Wake Cemetery Survey by Township c1978
Digitized by Wake County Genealogical Society in partnership with Upchurch and Allied Families Association
Dedication and Acknowledgements -
Read about Irene O. Kittinger and her team here.
The digitizing project is dedicated to the entire orginal survey crew. Digitizing Project Team acknowledgement is listed here also.
LATEST NEWS! The National Genealogical Society (NGS) has announced our Wake Cemetery Project as one of only four winners for the 2023 SLAM! Idea Showcase. Our project received an Honorable Mention! The Showcase honors the best ideas for creative and innovative projects, programs, resources, and practices. The competition also looks to share the processes so that they can be replicated by other societies, libraries, archives and museums (i.e. SLAM) to strengthen the genealogy and family history community.
View the entire line up of 2023 SLAM Entries here.
New Index Files have been added for all 20 Townships.
Please visit them to see our vision of the updated index that can grow as new cemetery information is discovered and added to the file. These new indexes include enhanced directions - road names added to the SR numbers, GPS data - to the original site or as close as the information and changes in real estate would allow, and links to online memorial databases including Find a Grave, Cemetery Census and others.
What is the Wake County Cemetery Survey Project?
Wake County Genealogical Society is proud to present our latest service project, conducted in partnership with Upchurch and Allied Families Association of Cary, NC. It is a perfect effort to commemorate the anniversary of Wake County’s formation – 250 years in March 2021.
The Wake Cemetery Survey by Township, c. 1978 is a gold mine for any researcher with Wake County roots. It sprang out of a short-lived government effort to update the previous cemetery census conducted statewide by the WPA in the late 1930s. The state discontinued their effort when they decided that they could not force counties to comply. It fell to dedicated survey volunteers across the state to redouble their efforts as grassroots citizen led projects in the various counties. The project and what it entailed is described starting on page 8 of the Wake Genealogy Watch, vol. 5, issue 1,
if you would like to read the back story.
The records collected by Irene O. Kittinger and her army of volunteers “stitched” the names of the local departed into a rich tapestry of community, location, and context across the fabric of Wake County. There are records of burials for Native Americans, first settlers, patriots, historical figures, and enslaved -all walks of life in Wake are represented. There are accounts of rich and poor resting side by side. You will find records of homeplaces and landmarks that do not exist anymore. You will find the FAN clubs (Friends, Associates and Neighbors) so clearly illustrated in their place and time. The records tell stories of their struggles, survivals, and successes.
WCGS has digitized these records with an eye to providing an experience that is as close to viewing the originals as possible. In addition to the vital statistics that are a part of any Cemetery Survey, the jewels of this record set are the copious notes and family connections scribbled in the margins, on post-it notes, and any spare bit of paper. If you have Wake ancestors to research, you will really want to check this record set. It will surely enrich your research.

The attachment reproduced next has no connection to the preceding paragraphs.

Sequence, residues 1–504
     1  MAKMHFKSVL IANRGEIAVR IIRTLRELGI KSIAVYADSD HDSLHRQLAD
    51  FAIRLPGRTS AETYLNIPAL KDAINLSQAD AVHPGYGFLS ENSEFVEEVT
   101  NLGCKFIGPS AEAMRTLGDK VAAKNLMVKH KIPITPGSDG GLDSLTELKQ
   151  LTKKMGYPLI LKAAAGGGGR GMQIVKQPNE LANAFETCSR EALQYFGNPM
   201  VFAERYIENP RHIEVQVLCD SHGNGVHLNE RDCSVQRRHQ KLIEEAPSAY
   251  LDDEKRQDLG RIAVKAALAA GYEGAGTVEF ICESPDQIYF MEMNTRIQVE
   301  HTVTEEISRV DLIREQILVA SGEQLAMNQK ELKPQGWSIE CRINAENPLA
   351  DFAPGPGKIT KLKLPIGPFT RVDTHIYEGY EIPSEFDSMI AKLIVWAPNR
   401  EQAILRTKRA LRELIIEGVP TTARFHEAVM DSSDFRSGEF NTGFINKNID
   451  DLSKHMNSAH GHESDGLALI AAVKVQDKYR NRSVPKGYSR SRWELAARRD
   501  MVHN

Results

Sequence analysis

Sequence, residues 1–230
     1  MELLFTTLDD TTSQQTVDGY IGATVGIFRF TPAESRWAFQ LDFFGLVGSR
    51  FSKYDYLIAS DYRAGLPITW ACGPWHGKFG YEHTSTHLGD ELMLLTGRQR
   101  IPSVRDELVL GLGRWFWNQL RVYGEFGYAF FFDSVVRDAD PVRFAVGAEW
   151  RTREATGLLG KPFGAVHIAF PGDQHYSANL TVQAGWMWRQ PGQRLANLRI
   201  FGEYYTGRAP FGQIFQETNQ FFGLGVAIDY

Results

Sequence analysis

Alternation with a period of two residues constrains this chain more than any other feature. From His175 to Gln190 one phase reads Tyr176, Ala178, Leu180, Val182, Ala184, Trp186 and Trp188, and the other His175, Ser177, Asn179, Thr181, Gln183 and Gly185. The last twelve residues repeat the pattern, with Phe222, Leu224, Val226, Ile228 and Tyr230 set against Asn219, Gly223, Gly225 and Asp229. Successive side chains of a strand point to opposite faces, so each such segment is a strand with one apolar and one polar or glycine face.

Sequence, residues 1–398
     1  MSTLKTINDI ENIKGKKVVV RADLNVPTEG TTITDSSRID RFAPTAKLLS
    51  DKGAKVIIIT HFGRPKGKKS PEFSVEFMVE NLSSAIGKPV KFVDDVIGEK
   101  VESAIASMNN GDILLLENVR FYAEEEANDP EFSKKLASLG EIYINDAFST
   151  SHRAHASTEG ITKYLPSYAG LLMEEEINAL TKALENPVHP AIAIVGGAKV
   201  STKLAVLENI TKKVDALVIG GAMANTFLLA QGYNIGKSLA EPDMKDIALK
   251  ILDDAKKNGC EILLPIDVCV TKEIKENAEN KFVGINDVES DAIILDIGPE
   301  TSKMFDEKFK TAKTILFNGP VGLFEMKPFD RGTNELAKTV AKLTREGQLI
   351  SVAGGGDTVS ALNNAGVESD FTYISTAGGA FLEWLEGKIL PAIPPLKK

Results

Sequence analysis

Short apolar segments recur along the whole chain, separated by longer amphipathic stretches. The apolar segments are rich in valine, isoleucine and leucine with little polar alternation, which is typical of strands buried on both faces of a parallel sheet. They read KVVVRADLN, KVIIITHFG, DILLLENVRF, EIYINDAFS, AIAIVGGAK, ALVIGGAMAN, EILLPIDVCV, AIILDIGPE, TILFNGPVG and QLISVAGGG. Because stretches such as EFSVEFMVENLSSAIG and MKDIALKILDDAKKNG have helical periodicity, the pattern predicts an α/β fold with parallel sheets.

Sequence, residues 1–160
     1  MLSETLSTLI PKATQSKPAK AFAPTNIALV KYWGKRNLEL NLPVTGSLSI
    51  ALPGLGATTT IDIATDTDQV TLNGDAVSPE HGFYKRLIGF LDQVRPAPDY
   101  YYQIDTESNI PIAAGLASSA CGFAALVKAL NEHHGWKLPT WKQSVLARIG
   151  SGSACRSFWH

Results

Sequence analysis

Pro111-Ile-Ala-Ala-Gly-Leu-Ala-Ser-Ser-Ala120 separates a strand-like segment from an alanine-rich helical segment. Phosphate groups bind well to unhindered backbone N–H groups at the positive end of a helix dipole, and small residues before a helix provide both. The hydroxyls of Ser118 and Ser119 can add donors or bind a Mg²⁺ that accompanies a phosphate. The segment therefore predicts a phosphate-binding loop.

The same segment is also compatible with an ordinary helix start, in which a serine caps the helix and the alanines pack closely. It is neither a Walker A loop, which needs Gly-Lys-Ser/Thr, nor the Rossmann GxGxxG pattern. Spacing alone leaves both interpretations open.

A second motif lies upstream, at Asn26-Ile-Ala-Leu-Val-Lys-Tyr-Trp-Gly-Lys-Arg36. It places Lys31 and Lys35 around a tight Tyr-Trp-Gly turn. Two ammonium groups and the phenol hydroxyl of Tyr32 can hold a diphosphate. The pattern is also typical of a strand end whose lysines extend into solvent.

Learn more about the history of the original survey, and process of the digitizing the files -
January 2023 Meeting Presentation - Slides
from Cyndi Deal's presetation
Introduction and Finding Notes
– Read this section first
for easier searching and better appreciation of the scope of the project. Includes global finding notes for all townships, a guide to the original indexes as they appeared in Wake Treasures in 1996-2000 and the search tool for small family cemeteries -Surname Finder.
Thanks to Cynthia Gage for building this handy tool.
Includes Wake County township map, Original Creation and Goals of the WCS78, WCS78 newsletter, article - Become a Preservationist, Map with original index locations in Wake Treasures, Graveyards and Cemeteries of Wake County, North Carolina as presented to the Wake County Board of Commissioners in August 1999.
Have a surname, but not sure where to start?
Try this Surname Finder
if your people were buried in a smaller family cemetery.
Unsure which part of Wake County to search...
– including cemeteries displaced by the Falls Lake Reservoir Project, and a portion of Raleigh and a portion of Durham county that was formerly part of Wake County
– including cemeteries displaced by the Shearon Harris Nuclear Plant and Reservoir and small portions of Apex and Holly Springs
– including the town of Cary and portions of Apex and Raleigh
– including the town of Morrisville and cemeteries displaced by improvements to Raleigh-Durham Airport, and portions of Cary and Raleigh. A portion of Cedar Fork was also carved off to Durham County when it was created.
– including the town of Holly Springs and portions of Apex and Fuqua-Varina
– including portions of Raleigh
– including the town of Fuquay-Varina and portions of Holly Springs
- including portions of Raleigh
– including cemeteries displaced by the Falls Lake Reservoir Project
– including the city of Raleigh and downtown.
– including the town of Garner and portions of Raleigh
– including the town of Knightdale and portions of Raleigh
– including portions of Cary, Garner and the city of Raleigh
– including the towns of Wake Forest and Rolesville and a portion of Raleigh
– including the town of Apex and portions of Cary